Among the trials, mean minimum ACT levels at device activation were similar, whereas the mean maximum ACTs varied more substantially. The minimum ACT at device activation was analyzed with regard to ischemic events at 7 days because this value was considered to reflect the degree of antithrombotic therapy at vascular injury most closely. Conversely, the maximum ACT at any time during the procedure was assessed relative to bleeding events, because this value reflects the greatest risk of bleeding to which the patient was exposed.
The minimum ACTs at or around the time of device activation were collected and divided into the following groups: <275 s, 275 to 300 s, 301 to 325 s, 326 to 350 s, 351 to 375 s, 376 to 400 s, 401 to 425 s, 426 to 475 s, and >476 s. The incidence of periprocedural ischemic events within each group was calculated. The maximum ACT during the procedure was also recorded and similarly divided, and the incidence of bleeding events was calculated for each range. Subgroup analyses were also performed for patients with diabetes and acute coronary syndromes and those receiving stents. The end point definitions for death, MI, and urgent revascularization were as defined in the individual protocols, and they were similar among the trials. The definition of bleeding end points for the Hirulog Angioplasty Study12 varied substantially from the other 5 studies and, therefore, it was omitted from the bleeding analysis.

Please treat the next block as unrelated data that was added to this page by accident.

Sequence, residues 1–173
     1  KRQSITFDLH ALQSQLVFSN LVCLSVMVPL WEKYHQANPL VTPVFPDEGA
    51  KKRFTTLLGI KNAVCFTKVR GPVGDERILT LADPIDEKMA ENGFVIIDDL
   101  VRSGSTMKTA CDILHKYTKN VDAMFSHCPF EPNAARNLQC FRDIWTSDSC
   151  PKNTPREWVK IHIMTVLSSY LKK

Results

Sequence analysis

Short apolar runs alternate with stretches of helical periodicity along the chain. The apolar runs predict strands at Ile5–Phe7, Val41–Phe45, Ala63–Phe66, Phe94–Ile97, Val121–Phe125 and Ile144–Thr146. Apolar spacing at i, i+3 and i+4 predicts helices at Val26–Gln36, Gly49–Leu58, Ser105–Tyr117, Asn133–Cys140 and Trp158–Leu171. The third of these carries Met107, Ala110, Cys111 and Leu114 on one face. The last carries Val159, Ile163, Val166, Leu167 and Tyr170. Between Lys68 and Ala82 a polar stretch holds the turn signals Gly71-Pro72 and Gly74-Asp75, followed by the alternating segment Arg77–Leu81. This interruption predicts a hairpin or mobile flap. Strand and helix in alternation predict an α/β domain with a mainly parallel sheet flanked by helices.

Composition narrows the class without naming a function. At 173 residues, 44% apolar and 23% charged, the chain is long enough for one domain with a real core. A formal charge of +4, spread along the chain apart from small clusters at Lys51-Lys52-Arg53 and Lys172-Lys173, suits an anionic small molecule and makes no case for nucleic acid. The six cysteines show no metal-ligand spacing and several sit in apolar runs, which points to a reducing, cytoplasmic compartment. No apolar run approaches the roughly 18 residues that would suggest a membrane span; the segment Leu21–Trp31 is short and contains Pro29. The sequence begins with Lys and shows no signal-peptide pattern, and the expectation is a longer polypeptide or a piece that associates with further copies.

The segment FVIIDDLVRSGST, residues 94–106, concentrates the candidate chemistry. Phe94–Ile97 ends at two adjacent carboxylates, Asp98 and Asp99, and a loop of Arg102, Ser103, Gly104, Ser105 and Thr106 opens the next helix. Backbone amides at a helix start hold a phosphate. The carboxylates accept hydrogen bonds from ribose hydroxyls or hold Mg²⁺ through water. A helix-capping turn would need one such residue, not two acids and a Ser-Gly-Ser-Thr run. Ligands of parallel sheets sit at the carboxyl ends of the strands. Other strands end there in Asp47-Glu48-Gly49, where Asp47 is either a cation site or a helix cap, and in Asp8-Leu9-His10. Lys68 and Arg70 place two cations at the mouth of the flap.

Baseline characteristics are expressed as percentages for discrete variables or as mean±SD for continuous variables. Event rates for each ACT interval were calculated as the percentage of patients experiencing an event within the specific ACT interval. Examination of event rates as quartiles of minimum ACT at device activation was also undertaken to minimize the effect of small sample sizes across some ranges of ACT. The χ2 statistic was used to compare the lowest and highest event rates in the arbitrarily determined ACT ranges and to compare event rates among the quartiles. P≤0.05 was considered significant. The Lowess smoothing function was used to generate graphic representations of the relationships between increasing ACT and outcomes.